T-Shirt/Shirt, Compact Disc (CD), Cassette, Vinyl LP
Viewed from outside, the UK looks like the biggest joke going: an anarchic sitcom full of blustering, disconnected, privileged caricatures who make terrible decision after terrible decision. From the arrogant self-sabotage of Brexit to the curious, morbid spectacle of people queuing for endless hours to gawp at Queen Elizabeth II’s closed coffin, things in the UK are resolutely not right and recently came to a farcical head with deep political turmoil dressed in the erratic, arbitrary rules of a child’s board game.
Living here, though, it isn’t quite so funny. The country has witnessed 12 years of social and economic devastation, with ideologues making mincemeat of basic services for the most vulnerable while life becomes increasingly unlivable.
Durham punks Martha couldn’t have picked a better time to return with the soundtrack to these worst of times. Now four albums deep into a 10-year career, the band continues to ply a wistful, earnest, savagely on-point brand of punky indie rock where pop hooks are used as a delivery mechanism for heart-sick paeans to the brutality of modern living. Martha’s world is a place where relationships and mental health are as fucked as the political system and the environment. While they might not proffer any immediate solutions, there’s at least something bittersweet in sharing the same sense of despair and bewilderment with four humans who happen to be better at communicating what you’re feeling—and capturing that sentiment within the confines of a three-minute punk song.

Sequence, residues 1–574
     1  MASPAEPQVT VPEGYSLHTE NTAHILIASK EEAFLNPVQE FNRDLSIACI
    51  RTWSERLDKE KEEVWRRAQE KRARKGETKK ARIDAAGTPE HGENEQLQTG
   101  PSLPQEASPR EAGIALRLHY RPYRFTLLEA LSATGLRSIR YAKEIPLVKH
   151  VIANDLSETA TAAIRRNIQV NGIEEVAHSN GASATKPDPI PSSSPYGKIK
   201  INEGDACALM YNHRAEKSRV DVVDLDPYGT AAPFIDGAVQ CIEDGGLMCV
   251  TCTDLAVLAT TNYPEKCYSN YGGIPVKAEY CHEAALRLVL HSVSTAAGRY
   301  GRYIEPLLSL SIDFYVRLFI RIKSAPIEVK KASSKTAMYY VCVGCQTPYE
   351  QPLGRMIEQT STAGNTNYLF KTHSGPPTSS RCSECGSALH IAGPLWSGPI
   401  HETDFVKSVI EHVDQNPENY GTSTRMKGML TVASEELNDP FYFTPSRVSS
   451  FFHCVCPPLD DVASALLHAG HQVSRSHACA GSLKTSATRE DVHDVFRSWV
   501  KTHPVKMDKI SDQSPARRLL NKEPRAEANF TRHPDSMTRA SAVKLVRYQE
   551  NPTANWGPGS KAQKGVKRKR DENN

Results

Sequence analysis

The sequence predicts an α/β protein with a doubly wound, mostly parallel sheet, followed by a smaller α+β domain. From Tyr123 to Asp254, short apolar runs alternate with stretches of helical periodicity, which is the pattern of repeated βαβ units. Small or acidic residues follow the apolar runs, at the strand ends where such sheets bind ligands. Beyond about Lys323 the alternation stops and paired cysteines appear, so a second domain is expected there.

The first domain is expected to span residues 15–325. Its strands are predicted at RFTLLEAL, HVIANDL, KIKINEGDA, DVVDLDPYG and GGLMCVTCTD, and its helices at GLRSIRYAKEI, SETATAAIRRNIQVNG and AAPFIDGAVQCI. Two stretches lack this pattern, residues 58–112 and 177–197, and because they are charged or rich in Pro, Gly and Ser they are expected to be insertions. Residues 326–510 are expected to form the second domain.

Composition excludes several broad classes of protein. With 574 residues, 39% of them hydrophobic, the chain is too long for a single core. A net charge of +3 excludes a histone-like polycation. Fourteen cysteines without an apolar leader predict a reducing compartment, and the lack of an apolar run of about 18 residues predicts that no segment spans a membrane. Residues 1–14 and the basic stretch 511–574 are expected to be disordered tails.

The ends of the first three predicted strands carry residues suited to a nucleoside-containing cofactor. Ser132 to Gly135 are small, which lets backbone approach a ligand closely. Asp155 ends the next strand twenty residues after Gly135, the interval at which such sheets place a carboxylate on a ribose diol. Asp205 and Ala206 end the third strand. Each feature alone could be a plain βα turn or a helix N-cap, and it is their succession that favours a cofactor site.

This is exemplified by standout track “Hope Gets Harder,” a two-minute barnstormer that rips into the “damp and hateful island” of England by way of soaring choruses and cheeky rock ‘n’ roll licks. The band’s capacity for merging the personal, political, and parochial is so well-developed that it borders on the alchemical, endowing them with a polished sound that maintains a sense of the endearingly scrappy. Take the title track, for example, where the band’s localness to the UK (“I was really fookin’ sad”) is proudly pushed to the fore of a bold, punchy number that seems built from ideas shoplifted from a 12-second Weezer solo. Elsewhere, “Neon Lung” begins life as a politely catchy indie rock tune before exploding into a clamor of guitar soloing and breathless brass, while closing track “You Can’t Have A Good Time All Of The Time” morphs from its initial introspective acoustic strumming into something mid-way between The Wedding Present and The Get Up Kids.
If their louder, more rousing moments sound like a collision between ‘90s slackerdom (see Built To Spill, Superchunk, Eric’s Trip) and the balls-out rock shenanigans of Cheap Trick and Thin Lizzy, the band’s core remains far more humble: the heartbroken politics of Billy Bragg’s Talking With The Taxman About Poetry commiserating with the eloquent bookishness of The Thermals and first-album Onion Flavored Rings. Intimate and immediate, Please Don’t Take Me Back invades both the head and the heart, conveying the undeniable hopelessness of things with a cheerful spring in its step that’s less about trying to forget how crap everything is than clinging to life’s last few shreds of goodness as you try to survive.